Thursday, January 17, 2008
Stein, R. (2008). Abortions hit lowest number since 1976. Washington Post. January 17, 2008. Available online: http://www.washingtonpost.com/wp-dyn/content/article/2008/01/16/AR2008011603624.html?hpid=topnews.
As someone who believes in the equal worth of every human person, this is good news:
The number of abortions performed in the United States dropped to 1.2 million in 2005 -- the lowest level since 1976, according to a new report.
The number of abortions fell at least in part because the proportion of women ending their pregnancies with an abortion dropped 9 percent between 2000 and 2005, hitting the lowest level since 1975, according to a nationwide survey.
The total number of abortions among women ages 15 to 44 declined from 1.3 million in 2000 to 1.2 million in 2005, an 8 percent drop that continued a trend that began in 1990, when the number of abortions peaked at more than 1.6 million, the survey found. The last time the number of abortions was that low was 1976, when slightly fewer than 1.2 million abortions were performed.
The abortion rate fell from 21.3 per 1,000 women ages 15 to 44 in 2000 to 19.4 in 2005, a 9 percent decline. That is the lowest since 1974, when the rate was 19.3, and far below the 1981 peak of 29.3.
The abortion rate varies widely around the country, tending to be higher in the Northeast and lower in the South and Midwest. The rate in the District dropped 20 percent but remained higher than that of any state at 54.2. Virginia's rate fell 9 percent, to 16.5, while Maryland's rate rose 8 percent, to 31.5.
The proportion of pregnancies ending in abortion also declined, falling from 24.5 percent in 2000 to 22.4 percent in 2005 -- a 9 percent drop and down from a high of 30.4 in 1983.
It'd be interesting to see the source of these numbers in more detail.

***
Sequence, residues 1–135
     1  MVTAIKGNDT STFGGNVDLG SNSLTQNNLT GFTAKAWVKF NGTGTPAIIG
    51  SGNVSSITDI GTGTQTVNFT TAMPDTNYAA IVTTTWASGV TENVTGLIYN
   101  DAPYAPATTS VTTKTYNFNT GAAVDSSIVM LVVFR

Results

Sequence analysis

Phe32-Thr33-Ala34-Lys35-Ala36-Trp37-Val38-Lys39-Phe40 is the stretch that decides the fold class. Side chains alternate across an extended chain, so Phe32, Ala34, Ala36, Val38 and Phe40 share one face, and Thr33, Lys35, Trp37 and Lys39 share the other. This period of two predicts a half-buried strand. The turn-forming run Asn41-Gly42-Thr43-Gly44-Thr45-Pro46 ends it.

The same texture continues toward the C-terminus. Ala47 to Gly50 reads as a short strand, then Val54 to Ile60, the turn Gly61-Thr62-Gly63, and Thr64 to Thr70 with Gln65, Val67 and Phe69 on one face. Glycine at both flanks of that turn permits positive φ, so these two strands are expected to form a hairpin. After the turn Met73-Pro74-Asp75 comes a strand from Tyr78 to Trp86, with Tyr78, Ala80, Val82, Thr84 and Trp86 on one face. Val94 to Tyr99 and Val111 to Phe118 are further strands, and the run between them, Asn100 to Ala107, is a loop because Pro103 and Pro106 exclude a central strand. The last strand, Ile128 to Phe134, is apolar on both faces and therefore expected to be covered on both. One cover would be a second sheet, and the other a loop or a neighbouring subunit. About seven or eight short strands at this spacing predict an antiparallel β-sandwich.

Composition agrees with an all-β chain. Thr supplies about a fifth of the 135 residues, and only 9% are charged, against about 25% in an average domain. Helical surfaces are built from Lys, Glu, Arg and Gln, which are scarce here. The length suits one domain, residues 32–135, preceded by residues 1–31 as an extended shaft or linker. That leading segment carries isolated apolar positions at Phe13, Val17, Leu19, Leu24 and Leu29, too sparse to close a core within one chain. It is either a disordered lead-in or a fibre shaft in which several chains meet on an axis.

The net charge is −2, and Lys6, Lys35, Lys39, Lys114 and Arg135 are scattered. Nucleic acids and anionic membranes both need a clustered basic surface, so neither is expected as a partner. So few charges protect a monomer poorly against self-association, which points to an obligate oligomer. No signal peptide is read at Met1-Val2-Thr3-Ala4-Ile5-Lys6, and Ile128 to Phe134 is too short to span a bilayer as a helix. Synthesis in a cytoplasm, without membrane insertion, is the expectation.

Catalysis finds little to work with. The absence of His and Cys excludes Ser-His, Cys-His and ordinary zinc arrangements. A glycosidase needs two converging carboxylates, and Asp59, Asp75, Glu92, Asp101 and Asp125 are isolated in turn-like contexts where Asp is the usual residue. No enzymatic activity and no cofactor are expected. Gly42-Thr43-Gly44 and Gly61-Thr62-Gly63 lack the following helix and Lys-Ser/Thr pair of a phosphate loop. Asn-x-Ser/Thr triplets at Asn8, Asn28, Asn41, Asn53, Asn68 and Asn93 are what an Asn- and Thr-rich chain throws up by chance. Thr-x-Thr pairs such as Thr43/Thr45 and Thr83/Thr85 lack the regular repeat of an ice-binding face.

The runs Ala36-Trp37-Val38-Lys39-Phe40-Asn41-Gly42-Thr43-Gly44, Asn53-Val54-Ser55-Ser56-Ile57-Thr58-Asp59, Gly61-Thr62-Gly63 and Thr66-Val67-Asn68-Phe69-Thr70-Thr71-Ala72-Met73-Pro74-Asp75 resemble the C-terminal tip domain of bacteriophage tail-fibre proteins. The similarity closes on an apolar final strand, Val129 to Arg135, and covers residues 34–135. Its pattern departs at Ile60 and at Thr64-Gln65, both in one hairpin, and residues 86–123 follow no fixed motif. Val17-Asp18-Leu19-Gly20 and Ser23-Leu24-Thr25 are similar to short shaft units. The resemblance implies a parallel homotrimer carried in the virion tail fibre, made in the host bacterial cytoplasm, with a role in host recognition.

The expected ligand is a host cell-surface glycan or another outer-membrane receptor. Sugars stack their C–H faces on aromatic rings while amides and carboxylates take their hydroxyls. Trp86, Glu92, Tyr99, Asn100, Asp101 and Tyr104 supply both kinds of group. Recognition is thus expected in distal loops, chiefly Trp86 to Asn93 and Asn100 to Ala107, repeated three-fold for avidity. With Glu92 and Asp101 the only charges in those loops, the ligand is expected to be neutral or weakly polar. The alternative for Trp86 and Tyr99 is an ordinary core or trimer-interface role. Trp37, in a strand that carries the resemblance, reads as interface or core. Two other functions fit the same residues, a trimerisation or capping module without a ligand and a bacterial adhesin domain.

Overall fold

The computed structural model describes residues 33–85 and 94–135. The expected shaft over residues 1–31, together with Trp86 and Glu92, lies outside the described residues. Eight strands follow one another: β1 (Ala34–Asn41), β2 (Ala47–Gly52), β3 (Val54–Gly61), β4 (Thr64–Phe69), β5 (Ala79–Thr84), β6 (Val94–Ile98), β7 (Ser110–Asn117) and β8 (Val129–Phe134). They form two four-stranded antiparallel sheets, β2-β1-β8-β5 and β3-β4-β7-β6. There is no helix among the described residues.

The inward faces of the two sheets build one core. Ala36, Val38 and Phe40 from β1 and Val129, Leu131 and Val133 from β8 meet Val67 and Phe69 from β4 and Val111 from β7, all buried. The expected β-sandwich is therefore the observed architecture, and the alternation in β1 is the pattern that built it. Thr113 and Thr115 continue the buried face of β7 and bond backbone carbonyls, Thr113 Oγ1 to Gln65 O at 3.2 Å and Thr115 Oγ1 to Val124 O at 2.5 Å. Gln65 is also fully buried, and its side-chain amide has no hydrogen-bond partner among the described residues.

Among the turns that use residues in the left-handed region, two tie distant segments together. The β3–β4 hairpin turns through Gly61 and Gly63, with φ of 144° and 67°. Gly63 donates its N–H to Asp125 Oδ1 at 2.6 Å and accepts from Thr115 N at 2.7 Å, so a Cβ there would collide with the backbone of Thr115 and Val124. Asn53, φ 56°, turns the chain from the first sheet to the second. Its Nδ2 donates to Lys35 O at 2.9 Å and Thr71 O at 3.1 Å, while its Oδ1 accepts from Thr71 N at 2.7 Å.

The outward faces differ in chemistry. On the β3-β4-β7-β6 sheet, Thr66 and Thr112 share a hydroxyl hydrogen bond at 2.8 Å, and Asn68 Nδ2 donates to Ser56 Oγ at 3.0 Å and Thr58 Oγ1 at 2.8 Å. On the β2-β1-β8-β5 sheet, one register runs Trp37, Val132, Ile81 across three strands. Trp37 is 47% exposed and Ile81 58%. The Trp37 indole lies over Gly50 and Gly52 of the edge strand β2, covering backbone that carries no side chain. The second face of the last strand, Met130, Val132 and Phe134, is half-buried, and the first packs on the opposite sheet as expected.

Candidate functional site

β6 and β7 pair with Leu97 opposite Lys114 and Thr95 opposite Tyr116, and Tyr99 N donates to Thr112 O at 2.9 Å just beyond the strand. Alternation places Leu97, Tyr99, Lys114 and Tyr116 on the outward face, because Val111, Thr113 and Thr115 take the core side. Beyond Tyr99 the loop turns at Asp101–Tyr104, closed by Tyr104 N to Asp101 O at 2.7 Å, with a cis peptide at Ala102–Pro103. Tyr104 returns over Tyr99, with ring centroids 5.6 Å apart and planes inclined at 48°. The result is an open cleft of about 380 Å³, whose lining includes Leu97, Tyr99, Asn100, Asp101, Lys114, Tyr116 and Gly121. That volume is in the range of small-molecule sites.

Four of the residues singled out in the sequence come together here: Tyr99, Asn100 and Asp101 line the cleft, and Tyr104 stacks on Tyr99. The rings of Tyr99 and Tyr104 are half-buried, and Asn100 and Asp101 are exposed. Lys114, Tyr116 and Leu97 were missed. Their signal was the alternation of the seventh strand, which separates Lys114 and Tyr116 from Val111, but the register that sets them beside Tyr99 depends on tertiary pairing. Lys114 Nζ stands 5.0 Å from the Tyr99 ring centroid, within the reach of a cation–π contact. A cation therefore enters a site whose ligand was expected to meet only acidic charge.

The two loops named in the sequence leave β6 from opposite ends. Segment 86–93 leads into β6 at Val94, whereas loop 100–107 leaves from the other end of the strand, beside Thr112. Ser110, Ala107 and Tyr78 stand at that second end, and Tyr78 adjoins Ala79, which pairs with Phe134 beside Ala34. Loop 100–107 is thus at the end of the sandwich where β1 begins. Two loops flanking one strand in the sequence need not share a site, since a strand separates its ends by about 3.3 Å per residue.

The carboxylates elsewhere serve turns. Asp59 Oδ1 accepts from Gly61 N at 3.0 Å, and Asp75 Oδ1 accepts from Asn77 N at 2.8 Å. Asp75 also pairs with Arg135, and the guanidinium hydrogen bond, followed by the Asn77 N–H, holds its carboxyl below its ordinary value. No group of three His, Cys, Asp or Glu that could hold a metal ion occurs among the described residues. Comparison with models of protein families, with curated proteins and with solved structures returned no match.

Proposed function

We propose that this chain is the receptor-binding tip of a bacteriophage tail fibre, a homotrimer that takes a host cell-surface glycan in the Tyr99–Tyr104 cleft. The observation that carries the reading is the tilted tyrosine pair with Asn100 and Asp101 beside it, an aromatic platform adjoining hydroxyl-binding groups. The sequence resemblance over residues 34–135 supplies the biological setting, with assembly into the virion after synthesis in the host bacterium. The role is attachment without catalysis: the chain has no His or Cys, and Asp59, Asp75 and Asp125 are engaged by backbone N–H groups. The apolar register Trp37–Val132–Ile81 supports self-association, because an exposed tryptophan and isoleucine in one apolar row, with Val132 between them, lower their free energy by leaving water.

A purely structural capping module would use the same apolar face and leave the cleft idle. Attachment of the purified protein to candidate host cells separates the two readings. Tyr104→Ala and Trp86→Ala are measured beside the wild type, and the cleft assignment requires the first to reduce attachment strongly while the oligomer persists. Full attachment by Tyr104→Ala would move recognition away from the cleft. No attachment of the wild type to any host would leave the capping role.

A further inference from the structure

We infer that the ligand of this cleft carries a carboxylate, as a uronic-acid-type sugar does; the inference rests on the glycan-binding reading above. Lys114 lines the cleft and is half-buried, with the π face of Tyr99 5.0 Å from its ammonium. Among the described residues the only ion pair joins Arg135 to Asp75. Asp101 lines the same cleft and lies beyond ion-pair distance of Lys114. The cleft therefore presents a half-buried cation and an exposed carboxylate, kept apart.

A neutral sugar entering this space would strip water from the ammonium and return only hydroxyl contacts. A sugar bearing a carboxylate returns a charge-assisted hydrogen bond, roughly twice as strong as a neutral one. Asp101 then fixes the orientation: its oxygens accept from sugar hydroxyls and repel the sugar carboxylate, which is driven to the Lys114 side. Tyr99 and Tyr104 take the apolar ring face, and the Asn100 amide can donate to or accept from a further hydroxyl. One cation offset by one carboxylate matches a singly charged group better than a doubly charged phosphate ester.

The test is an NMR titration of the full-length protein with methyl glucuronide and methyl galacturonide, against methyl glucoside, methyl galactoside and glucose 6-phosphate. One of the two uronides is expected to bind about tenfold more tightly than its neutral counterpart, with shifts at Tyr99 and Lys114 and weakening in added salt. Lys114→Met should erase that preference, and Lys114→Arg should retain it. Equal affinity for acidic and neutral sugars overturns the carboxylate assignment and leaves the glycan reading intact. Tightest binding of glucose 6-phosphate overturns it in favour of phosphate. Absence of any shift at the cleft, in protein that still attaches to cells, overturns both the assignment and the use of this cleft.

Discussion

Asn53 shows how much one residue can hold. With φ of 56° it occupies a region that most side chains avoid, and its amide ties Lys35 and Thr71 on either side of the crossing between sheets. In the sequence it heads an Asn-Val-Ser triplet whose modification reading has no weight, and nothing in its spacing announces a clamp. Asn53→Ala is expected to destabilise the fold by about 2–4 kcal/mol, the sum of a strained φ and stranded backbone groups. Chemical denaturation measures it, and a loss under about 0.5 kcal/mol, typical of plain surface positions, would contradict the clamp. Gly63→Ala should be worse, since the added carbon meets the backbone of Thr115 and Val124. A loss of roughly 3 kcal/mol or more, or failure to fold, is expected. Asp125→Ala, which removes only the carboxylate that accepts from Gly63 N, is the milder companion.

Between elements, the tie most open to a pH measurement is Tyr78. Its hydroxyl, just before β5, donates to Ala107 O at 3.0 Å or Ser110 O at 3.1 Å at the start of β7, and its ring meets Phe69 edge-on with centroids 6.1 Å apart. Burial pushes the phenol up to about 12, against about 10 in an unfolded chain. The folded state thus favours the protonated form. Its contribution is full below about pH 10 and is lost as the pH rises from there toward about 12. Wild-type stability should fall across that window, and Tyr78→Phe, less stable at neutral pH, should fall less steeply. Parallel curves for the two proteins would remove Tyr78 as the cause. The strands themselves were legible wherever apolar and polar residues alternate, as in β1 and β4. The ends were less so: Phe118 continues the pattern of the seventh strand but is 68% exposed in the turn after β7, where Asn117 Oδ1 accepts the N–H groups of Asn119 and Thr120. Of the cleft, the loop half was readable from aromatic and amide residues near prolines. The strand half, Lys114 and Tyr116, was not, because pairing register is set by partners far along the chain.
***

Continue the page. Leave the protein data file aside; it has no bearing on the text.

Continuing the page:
On first glance, it would appear that abortion is a highly effective informal genetic selection program against political liberals and those of low general intelligence.
Certainly the article implies that "blue states" have higher abortion rates than "red states," and I would guess the politically conservative (who tend to oppose abortion as a lifestyle choice) practice it less than the politically liberal (who tend to support it as a lifestyle choice). Likewise, as a commonly cited reason for abortion is necessity, I would imagine that abortions are more common among the poor than the rich. As wealth correlates with general intelligence, abortion is thus a eugenics program that increases societal general intelligence across generations.
Friday, December 14, 2007
It was only eighteen months ago that I wrote a post titled "The implication of evolution after the dawn of agriculture." At the time, I was startled by the idea that there may have been evolutionary change within the human population in the last four centuries. Also at the time I was highly impressed by Evolutionary Psychology evolutionary functional analysis, and the concept of the Era of Evolutionary Adaption.
Since that time I have learned more about how biology informs the social sciences. It appears that evolution is faster than I thought, and Evolutionary Psychology is weaker than I assumed.
Up until recently, the theoretical maximum speed for one gene to replace all other variations was one every 300 generations. It now appears the rate among humans is 2 every year. If this result holds up, this has important implications.
Two dynamics appear to be driving the acceleration of natural selection among humans: larger population size (more mutations are given a chance to rise up) and the even quicker evolution of culture (preventing the establishment of an equilibrium optimal genetic state).
Evolutionary Psychology is wrong because there is no species-wide "Era of Evolutionary Adaption." Indeed, one wonders if the term "Era of Evolutionary Adaption" even makes sense. If it does, are EEAs of populations that had possessed agriculture for a very long time (say, the peoples of the fertile crescent, and Chinese and Indians of the great river valleys) far more agrarian than the EEAs of traditionally hunter-gatherer societies?
Further, as both cultural complexity and breeding population (both in numbers in and genetic diversity) vary historically, might one say that the Era of Evolutionary Adaption of Australian Aborigines is tens of thousands of years deeper in time than that of Indus River Valley dwellers?
Both the population of man and the culture of man have been growing at faster and faster rates. The implication of this is clear.
The 19th century saw more natural selection in our species than any other century, ever.
The 20th century saw more natural selection in our species than any other century, ever.
The 21st century will see more natural selection in oru species than any other century, ever.
And that's not counting genetic engineering.
(Thanks to Sean, DMH, Fulwider, Doug, and others for not letting me get past this discovery without thinking it through.)